Teach Children about Choices and Consequences
Every parent has those moments when the urge to yell pulses within us. We think, “Why can’t my kids just listen to me?” and it seems that our attempts to be calm and kind are useless. But if the kids won’t listen, how we can teach them, direct them, or help them? Isn’t it our job to teach the importance of being on time, chewing with their mouths closed, or the injustice of stealing toys? Parenting can be rough, especially when we feel trapped in a cycle of yelling and frustration. What choices and consequences are happening?
Luckily, there is another way!
Parents have a responsibility to nurture and teach their children. Allow me to emphasize the word teach. Effective parenting is about more than punishment. It’s more than demanding obedience and managing through fear. Parenting is about teaching. In my counseling sessions, I have found that the most effective way to help families get out of the yelling cycle is by encouraging choices and consequences. The word “consequence” doesn’t have to imply something bad. It’s just what happens as a result of their choice. Consequences can be good too!
For example, your 4yr old has made a mess in her room, and she’s ignored you the last three times that you’ve asked her to clean her room. You could get all mad, yell at her, and punish her – but then you’re punishing out of a desire to be obeyed. It’s all about you and your authority, read more about the effects of authoritative parenting here. A more effective way is to teach your 4yr old the importance of keeping a clean room and showing respect for other people as well. It’s not about your authority; instead it is about her trusting you to guide her as a parent. Your requests serve a helpful purpose – in this case, teaching the importance of cleanliness, respect for the home, self-responsibility, and following parental directions.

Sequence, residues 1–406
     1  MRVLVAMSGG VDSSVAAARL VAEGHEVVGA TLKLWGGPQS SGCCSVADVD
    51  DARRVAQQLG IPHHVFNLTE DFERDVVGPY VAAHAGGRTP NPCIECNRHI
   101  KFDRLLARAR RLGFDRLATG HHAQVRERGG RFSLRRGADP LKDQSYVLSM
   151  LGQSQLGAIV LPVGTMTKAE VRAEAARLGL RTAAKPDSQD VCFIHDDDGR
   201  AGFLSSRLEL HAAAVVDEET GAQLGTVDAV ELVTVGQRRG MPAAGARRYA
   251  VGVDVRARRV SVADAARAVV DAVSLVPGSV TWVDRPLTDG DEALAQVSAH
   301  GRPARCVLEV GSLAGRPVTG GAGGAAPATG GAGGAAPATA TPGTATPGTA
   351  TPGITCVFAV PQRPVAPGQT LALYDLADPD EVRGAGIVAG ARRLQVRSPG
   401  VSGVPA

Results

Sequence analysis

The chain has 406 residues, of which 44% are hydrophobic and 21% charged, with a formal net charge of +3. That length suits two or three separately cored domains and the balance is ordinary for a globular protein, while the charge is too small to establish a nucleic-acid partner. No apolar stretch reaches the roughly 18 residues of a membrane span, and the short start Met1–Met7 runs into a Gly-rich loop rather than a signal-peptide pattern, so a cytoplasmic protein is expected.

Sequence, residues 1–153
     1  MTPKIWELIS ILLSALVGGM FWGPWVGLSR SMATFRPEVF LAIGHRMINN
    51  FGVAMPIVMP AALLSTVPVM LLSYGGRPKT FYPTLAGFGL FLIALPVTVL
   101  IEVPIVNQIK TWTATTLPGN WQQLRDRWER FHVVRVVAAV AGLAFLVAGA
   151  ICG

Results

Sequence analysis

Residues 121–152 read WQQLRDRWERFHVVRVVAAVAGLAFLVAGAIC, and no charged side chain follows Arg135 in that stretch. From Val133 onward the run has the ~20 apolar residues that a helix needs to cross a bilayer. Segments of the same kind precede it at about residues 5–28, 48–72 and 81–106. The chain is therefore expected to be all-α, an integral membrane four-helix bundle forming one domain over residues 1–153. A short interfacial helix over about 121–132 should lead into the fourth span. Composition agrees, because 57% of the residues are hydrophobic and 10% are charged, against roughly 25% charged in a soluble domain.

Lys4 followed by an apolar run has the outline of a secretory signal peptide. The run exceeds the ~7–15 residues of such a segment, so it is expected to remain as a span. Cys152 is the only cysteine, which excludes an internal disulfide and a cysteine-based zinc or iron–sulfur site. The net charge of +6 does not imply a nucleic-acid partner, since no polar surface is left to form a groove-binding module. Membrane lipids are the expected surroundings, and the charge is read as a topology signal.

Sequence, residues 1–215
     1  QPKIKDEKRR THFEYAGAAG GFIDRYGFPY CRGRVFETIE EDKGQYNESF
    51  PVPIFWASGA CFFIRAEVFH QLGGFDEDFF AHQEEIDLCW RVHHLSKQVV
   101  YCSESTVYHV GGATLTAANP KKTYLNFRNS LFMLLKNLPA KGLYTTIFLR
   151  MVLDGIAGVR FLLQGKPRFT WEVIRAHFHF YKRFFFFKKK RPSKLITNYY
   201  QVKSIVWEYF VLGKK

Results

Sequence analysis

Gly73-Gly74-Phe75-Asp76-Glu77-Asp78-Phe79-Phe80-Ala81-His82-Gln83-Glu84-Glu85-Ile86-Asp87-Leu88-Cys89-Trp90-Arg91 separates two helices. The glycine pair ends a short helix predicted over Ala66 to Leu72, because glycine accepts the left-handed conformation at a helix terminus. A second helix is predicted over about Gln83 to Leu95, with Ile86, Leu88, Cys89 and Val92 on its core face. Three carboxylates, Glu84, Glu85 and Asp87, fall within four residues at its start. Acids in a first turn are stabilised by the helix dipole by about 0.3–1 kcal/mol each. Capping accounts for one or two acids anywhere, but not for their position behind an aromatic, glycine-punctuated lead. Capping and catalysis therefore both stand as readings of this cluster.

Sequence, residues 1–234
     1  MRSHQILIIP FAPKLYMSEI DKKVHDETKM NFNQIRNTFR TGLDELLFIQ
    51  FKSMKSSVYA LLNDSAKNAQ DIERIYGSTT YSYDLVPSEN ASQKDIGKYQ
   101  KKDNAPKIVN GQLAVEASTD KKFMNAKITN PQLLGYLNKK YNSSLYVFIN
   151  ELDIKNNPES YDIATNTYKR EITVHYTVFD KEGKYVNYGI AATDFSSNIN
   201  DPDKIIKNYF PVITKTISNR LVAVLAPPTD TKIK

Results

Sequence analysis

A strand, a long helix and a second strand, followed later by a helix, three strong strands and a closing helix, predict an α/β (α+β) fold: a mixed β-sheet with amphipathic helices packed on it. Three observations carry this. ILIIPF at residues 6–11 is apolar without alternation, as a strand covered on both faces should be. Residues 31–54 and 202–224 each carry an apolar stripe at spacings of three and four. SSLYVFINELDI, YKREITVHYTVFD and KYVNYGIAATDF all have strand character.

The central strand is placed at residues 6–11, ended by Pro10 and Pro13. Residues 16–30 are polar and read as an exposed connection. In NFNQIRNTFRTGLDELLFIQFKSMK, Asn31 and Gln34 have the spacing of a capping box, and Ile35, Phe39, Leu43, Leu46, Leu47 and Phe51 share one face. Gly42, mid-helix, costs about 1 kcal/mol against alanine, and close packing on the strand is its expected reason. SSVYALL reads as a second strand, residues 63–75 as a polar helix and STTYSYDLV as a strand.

As parents, we need our kids to follow our directions. We really do! So teach them appropriate behavior using choices and consequences. This is a technique borrowed from play therapy called “limit setting” that helps children assume responsibility for their own behavior.
Here’s how I use choices and consequences with my kids:
“I’ve asked you twice to put your shoes on so we can take your brother to school. We need to hurry. If you choose to not put your shoes on, then you choose to walk to the car barefoot. Please decide because we need to get in the car.”
“Couches are not for jumping on. You can choose to jump on the floor or the outside on the trampoline. But if you continue jumping on the couch, then you’ll also choose to sit in time out.”
“Please stop banging your fork into the table. Mommy and Daddy have both asked you to stop and sit politely. If you choose to continue banging your fork, then we will take it away and you’ll only have your spoon.”
“Honey, you need to get dressed so we can go to the grocery store. I need to buy food for dinner tonight. I’ve asked you twice to pick some clothes out. If you choose not to pick, then I will pick some clothes for you.”
As you can see from these examples, it’s important to point out to your kiddo that he/she has choices. They are choosing their own consequence – happy or less happy. I try to explain to my reasoning to my kids, even the little bitty ones, because I want them to eventually understand socially appropriate behavior. I maintain my role as the parent, but I also allow them choice. I am conscious of the consequences I assign to their poor choices in order to keep the focus on teaching, rather than just getting angry. And I always make an effort to sit with them after a couple minutes in time-out and talk with them. In time-out we talk about what their bad choice was, and why it wasn’t helpful, and what they could do differently next time. That way, even a time-out can be a teaching tool for kids, plus some time to calm down.